THINKtent Sydney Opera House

In 2014 THINKtent was part of the inaugural Advance Global Australian Forum in the iconic Sydney Opera House, opened by former Australian Prime Minister John Howard and profiled by national broadcaster SBS.

The forum included presentation of global leadership awards presented by Advance – an organisation based in New York, San Francisco, Hong Kong, Paris and London that networks offshore Australians in business and the professions.

THINKtent operated as an up-close-and-personal ‘breakout’ space from the formal conference agenda.


Advance award winners were programmed into THINKtent – with expertise spanning clean technology, advanced manufacturing, social innovation, biotechnology, governance and development.

They were joined in conversation by cultural innovators, strategists and corporate leaders – interrogating Australia’s place in the wider world and encouraging more imaginative thinking and entrepreneurial practice.

Invited participants were members of the Advance board and representatives of leading conference sponsors, including KPMG.


THINKtentSydney5THINKtent opened with FROM NOW TO NEW: What matters in mentoring the next generation?. This session featured Alumni award winner Senator Sekai Holland (former Co-Minister of State for National Healing, Reconciliation and Integration in the Cabinet of President Robert Mugabe and Prime Minister Morgan Tsvangirai) and Clean Technology award winner Andrew Tanner of THiNKnrg.

Democracy, justice and cross-cultural exchange were themes framing the dialogue. So was the need for faith and confidence in the face of nay-sayers or more brutal attack. The conversation explored different perspectives on our humanity ­– THINKtentSydney2seen from Silicon Valley, from Africa, from positions of material poverty or economic power, from maturity or youth.

‘I’m just an ordinary person who wants to change the world for the better’ … ‘You can’t do anything unless you know what’s happening to you’ … ‘This kind of conversation, together, is how people used to be’ … ‘Australians and our skills can do anything’ … ‘We are street people, my husband and I.’

Next THINKtent explored TO BOLDLY GO: Why and how should we explore new frontiers?. This session featured Advanced Manufacturing and overall 2014 Advance award winner Christopher Boshuizen 
of Planet Labs Inc, and Social Innovation award winner Prue Clarke of New Narratives.

Here, head emphatically met heart – to move us, to connect us:

‘The thing I love about Advance is the passion’ … ‘I needed to understand the world outside Australia’ … ‘I dispute the idea that there are any frontiers’ … ‘If we can go to space, we can reframe.’

The third session was SHAKING IT UP: How creativity + courage shift our paradigms – starring cultural movers-and-shakers Kim McKay AO of the Australian Museum, and Jovan Jelovac of Belgrade Design Week.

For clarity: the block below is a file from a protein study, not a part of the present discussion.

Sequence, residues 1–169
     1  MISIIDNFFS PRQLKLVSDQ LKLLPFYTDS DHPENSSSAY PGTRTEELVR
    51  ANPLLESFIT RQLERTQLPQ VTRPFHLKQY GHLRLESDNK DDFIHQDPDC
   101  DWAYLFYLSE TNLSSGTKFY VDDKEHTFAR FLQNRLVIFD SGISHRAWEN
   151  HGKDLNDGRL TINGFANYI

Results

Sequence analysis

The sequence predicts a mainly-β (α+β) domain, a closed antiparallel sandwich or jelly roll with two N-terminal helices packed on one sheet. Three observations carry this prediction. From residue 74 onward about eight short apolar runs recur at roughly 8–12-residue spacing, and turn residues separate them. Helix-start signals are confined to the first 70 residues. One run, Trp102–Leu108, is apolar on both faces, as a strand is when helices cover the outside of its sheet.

The talk was of knowledge and simplicity, education and engagement. The power of artefacts and collections was illuminated. Magic wands were waved.

‘If you believe there can be magic it does happen to you’ … ‘All roads lead to Manly’ … ‘Speech is the last frontier of what is interesting.’


Strategist Rodin Genoff of Rodin Genoff + Associates, stimulated discussion in WHO’s GOT THE POWER?: Influencing and making change in curious times. Rodin rebadged the venue as KPMGtent, as its personnel filled the tent.

They stretched the space into a conversation about privilege, responsibility, diversity and behavioural change – and the need to sponsor and curate the next generation, and the next, and then the next …

‘Who’s got the power is connected with who’s got the voice’ … ‘We live in the world of the selfie – it shouldn’t just be about grabbing attention – voice is about listening as well’ … ‘The currency of influence is changing – if you look at the top of the organisation you may be looking in the wrong place’ … ‘There’s a narrative in Australia about male sportspeople’ … ‘What’s the higher purpose – and how do we do that with authenticity?’

A final provocation came from Russell Howard of Kinghorn Center for Clinical Genomics and The Garvan Institute for Medical Research, overall winner of the 2013 Advance awards – unpacking MY VISION FOR AUSTRALIA: More than ‘a nation of great bankers, service providers and primary producers’?

He suggested Australia’s celebrated egalitarianism can work against us. A dialogue opened about history and how we might use it, more to our future advantage and advancement.

‘Australia’s tall poppy syndrome is still a challenge’ … ‘One challenge is to make Australian startups more ‘pitch ready” … ‘We really are very well hung, well endowed with innovators.’